24. It was immaterial to APOGEE whether CAUFF, LIPPMAN used its own money to finance the transaction or obtained financing from another source in terms of the value CAUFF, LIPPMAN brought to the transaction and the profit CAUFF, LIPPMAN would receive. (Tr. 1189-92).

 25. By the end of September, 1989, all of the essential terms of the contemplated transaction were acceptable to Credit Suisse and Credit Suisse was willing to proceed with finalizing the transaction. (Tr. 654-659). In early October of 1989, CAUFF, LIPPMAN and BERNSTEIN received a first draft of Credit Suisse's commitment letter which provided the basis for further negotiations with Credit Suisse. (Tr. 54).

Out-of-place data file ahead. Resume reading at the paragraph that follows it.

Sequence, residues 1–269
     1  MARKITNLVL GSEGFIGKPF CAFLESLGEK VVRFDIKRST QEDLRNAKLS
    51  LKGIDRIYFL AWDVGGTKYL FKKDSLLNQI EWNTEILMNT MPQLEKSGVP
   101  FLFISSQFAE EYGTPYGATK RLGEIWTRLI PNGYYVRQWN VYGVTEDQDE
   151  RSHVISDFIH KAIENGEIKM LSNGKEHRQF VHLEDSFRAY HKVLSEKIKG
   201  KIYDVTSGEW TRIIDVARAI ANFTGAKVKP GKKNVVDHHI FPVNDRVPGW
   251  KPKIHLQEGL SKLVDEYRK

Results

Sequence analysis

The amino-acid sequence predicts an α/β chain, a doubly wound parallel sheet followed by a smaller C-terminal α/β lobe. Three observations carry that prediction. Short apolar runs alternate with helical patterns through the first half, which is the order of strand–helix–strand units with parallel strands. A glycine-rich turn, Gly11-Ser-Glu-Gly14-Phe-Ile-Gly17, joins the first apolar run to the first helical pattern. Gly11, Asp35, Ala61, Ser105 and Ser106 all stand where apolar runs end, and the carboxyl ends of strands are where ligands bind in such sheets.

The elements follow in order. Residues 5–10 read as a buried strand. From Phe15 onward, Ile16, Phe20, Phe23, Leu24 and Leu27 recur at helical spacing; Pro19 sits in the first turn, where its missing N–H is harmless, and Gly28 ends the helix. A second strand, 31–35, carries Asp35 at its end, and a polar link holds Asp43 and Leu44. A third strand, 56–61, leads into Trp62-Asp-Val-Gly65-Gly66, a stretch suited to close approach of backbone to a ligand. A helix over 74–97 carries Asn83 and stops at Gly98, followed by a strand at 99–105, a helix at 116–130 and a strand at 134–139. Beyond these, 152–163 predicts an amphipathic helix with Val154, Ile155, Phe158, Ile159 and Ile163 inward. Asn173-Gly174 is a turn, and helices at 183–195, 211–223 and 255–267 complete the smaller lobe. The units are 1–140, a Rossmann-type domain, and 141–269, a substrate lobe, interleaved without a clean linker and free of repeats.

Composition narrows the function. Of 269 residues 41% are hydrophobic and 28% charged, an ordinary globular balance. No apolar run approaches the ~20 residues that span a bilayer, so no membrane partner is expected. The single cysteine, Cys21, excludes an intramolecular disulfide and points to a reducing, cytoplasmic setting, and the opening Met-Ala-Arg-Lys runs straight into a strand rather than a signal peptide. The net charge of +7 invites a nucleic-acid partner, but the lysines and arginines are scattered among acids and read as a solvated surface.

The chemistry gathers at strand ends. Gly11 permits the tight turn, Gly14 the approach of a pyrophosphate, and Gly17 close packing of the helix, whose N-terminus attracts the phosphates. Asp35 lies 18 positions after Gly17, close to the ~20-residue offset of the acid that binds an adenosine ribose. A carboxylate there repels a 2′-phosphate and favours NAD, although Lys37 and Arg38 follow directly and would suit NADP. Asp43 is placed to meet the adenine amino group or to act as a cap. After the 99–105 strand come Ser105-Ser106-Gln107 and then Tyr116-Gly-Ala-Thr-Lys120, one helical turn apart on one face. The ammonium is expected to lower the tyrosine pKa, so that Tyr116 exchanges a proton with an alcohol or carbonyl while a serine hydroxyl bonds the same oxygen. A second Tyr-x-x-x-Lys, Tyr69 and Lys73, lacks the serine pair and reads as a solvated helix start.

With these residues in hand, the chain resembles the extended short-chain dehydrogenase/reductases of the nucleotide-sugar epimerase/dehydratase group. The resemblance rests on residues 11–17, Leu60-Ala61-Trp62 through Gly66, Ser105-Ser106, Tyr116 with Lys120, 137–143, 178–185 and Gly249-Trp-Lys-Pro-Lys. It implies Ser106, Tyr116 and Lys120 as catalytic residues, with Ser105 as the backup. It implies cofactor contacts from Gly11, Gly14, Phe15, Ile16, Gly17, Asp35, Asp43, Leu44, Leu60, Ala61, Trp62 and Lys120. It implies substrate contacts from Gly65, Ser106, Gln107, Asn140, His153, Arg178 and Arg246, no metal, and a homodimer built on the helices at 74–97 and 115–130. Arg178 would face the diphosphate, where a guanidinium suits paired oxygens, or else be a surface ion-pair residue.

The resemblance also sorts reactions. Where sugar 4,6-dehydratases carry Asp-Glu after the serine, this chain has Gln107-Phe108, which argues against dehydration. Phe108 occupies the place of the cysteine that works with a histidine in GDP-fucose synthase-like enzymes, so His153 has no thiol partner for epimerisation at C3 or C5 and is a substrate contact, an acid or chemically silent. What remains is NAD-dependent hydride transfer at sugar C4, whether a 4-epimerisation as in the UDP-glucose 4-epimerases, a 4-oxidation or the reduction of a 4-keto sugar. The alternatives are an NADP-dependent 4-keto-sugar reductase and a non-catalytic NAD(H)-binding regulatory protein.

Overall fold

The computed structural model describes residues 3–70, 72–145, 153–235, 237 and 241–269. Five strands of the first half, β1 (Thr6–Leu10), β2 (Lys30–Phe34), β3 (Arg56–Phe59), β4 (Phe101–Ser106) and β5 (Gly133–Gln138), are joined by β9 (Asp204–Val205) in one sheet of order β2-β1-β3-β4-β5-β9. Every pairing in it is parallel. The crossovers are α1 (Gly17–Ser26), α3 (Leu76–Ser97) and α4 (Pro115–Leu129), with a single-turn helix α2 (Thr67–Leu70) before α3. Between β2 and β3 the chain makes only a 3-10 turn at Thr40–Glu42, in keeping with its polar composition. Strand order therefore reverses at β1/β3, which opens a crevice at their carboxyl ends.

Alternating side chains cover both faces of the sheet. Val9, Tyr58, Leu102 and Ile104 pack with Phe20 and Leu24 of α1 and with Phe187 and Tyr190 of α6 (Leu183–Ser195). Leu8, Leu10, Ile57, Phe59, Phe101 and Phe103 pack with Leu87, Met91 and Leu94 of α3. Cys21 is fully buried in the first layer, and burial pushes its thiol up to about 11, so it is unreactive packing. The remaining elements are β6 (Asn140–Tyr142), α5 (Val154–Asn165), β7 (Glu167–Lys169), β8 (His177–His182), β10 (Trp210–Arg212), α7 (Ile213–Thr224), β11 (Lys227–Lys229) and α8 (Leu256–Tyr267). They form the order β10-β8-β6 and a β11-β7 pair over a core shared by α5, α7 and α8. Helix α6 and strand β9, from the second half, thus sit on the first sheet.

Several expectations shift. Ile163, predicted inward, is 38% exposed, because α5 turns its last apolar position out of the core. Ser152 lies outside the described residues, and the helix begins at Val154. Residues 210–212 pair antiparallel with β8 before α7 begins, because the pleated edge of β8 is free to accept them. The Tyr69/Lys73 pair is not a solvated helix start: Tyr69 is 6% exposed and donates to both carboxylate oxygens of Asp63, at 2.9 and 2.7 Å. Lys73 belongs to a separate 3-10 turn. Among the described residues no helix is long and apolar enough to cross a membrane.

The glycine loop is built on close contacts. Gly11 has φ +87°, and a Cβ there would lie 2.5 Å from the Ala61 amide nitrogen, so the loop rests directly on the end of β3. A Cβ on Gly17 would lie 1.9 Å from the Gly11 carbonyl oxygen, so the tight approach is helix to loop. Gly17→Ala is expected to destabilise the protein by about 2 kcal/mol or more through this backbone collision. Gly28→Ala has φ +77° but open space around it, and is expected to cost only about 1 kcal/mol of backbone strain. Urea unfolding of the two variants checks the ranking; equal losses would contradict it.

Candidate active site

26. KLM confirmed APOGEE's exclusive right to sell the Aircraft in a letter dated October 4, 1989. (Tr. 573-75; Pl. Exh. 14).

 27. It was evident early in the negotiations with Credit Suisse that the proposed KLM guaranty was material to Credit Suisse's evaluation of the financing transaction. Accordingly, CAUFF, LIPPMAN sent a proposed draft of a KLM guaranty to GOULD on October 12, 1989. (Tr. 54, 56-60, 262-63; Pl. Exh. 13).

 28. On October 23, 1989, AMBER and CAUFF, LIPPMAN entered into an agreement whereby CAUFF, LIPPMAN agreed to pay AMBER a fee of one-half of one percent of the aggregate price of the Aircraft in connection with transactions in which BERNSTEIN acts as an agent. (D. Exh. T). The agreement makes payment of the fee contingent upon the actual closing of any given transaction. (Id.). 29. All parties agree that BERNSTEIN's fee for his services in connection with the U.S. financing portion of the overall ...